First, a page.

YourGardenShow.com "Ask Ian"
Video reply: You are quite right: what's happening is the caterpillars are able to get a jump start on all the new growth in spring, they decimate the foliage, and the plant reacts by trying to put out a second set of foliage.
By this time the plant is in photosynthetic imbalance - it can't produce enough energy from the sun to then store enough nutrient in the winter to get through to the spring for its push of new growth. So, in short - you've got to interrupt the lifecycle of those caterpillars.
First step is to identify the type of caterpillar and find out when they are at their most active in your area. If a tree is large, even if you were to spray it with a soapy compound, it would be difficult to cover the whole tree.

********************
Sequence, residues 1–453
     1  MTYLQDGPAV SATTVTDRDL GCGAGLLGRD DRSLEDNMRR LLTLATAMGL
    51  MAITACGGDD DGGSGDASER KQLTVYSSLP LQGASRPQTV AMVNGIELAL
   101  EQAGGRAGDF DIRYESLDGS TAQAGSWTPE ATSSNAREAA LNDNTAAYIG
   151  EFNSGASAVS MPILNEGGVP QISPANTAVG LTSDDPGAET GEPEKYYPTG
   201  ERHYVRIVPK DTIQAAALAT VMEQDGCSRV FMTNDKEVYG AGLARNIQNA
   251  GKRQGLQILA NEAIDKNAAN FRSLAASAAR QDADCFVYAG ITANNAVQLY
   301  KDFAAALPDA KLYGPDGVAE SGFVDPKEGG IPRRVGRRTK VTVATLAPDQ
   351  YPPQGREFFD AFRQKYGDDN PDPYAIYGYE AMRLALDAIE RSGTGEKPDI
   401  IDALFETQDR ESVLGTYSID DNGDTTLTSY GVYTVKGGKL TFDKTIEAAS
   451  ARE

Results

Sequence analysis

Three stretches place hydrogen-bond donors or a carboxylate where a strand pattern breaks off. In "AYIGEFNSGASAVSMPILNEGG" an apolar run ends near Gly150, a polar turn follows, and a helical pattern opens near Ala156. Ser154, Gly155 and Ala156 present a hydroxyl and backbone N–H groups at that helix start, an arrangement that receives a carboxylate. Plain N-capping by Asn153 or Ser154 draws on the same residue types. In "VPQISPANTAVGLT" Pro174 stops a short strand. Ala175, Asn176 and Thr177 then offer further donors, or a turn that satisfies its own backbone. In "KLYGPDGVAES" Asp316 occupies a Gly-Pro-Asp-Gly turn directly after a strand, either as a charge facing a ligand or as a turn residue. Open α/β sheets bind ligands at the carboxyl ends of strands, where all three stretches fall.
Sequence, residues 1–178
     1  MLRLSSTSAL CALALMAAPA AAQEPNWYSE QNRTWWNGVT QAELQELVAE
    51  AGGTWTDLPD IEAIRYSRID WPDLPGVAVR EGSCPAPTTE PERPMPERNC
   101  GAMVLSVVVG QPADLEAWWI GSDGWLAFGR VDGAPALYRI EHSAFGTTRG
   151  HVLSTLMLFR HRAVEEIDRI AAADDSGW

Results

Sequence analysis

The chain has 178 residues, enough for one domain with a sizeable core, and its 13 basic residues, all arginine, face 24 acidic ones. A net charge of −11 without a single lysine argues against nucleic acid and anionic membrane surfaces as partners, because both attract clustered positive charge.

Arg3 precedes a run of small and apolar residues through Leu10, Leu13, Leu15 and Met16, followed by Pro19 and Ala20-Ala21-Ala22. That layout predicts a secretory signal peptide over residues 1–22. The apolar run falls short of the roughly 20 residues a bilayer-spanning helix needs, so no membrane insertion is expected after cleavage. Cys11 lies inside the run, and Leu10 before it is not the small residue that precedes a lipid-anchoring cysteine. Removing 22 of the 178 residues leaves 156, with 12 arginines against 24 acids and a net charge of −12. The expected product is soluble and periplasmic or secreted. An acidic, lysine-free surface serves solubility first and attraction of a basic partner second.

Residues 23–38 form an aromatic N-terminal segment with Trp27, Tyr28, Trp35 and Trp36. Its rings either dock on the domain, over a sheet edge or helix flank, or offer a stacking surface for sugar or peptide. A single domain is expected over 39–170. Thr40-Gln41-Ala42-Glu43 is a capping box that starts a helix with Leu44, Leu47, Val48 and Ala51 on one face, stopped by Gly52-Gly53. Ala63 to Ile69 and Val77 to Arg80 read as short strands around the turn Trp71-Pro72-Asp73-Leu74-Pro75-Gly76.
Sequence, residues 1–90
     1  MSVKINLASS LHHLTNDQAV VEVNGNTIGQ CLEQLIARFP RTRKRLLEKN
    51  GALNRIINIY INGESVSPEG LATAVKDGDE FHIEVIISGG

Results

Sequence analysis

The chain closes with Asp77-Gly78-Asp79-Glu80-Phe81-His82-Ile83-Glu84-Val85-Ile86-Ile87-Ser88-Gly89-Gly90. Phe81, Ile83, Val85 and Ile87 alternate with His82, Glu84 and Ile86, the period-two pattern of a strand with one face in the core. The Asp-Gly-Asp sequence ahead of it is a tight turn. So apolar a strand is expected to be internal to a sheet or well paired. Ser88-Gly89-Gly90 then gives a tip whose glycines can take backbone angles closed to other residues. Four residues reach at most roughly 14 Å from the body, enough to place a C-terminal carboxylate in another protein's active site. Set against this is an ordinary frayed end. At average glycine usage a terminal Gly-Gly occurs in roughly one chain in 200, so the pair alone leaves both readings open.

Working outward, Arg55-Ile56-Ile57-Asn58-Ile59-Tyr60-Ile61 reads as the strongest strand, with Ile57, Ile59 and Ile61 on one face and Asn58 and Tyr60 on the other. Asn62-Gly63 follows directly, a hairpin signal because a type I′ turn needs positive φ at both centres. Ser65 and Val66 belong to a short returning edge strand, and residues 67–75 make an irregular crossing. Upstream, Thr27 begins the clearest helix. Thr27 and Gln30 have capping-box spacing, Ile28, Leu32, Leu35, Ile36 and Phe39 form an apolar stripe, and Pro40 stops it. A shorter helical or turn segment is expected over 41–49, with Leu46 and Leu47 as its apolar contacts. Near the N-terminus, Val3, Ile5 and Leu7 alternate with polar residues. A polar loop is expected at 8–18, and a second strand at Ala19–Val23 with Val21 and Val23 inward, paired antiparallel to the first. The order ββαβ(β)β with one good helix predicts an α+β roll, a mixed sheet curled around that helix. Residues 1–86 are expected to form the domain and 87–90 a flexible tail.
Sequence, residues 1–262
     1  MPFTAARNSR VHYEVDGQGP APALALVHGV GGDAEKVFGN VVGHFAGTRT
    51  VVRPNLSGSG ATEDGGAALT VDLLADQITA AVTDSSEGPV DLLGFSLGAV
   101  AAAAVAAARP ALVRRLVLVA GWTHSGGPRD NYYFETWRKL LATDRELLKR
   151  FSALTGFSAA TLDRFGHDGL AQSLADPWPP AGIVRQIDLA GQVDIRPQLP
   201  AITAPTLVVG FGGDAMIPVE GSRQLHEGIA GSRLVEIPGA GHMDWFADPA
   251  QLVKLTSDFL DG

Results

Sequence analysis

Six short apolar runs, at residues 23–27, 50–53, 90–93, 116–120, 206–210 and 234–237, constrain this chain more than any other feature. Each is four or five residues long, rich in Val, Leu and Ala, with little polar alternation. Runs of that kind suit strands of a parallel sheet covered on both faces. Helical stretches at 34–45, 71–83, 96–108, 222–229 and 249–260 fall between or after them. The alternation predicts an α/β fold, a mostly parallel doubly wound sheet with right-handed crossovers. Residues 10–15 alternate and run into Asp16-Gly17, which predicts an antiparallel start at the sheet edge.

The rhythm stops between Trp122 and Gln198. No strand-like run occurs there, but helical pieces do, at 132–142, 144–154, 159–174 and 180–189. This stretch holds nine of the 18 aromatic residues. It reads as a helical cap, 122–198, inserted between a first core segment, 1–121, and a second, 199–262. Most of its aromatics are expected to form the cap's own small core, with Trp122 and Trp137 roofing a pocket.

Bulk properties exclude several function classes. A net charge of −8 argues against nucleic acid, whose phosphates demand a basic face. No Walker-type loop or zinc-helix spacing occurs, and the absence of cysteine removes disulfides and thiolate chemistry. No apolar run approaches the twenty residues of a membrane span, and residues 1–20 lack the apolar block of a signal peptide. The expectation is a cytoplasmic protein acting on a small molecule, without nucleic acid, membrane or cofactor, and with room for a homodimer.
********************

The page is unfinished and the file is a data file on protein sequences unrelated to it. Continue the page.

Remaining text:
My recommendation is to set your parameters for care and maintenance of your trees: how in love are you with these trees? How much time do you have, are you good at pruning, do you want to climb a ladder? You might need to climb in the tree with a sprayer and get in there and spray the undersides of the foliage, to prevent the caterpillars from getting started.
I personally would be more interested in pruning out the crown and thinning out the head, so that the roots that are there are not trying to feed so much of a branch system. Less branches mean less foliage, which means less for the caterpillars to feed on, and less area for you to prune and less area for you to spray.
You can see successful results, but it's all down to your tolerance for pain - how much time and energy you can invest.
Regarding fertilizer - you don't want to heavily fertilize these trees. And organic fertilizer for fruit trees, in early or mid spring would work - but you've got to be observant enough to spot the onset of caterpillars.This video reply was first broadcast online during our live plant and gardening Q&A show; the video you see here has been edited from a recording of that show. Got another question? Go to the Q&A page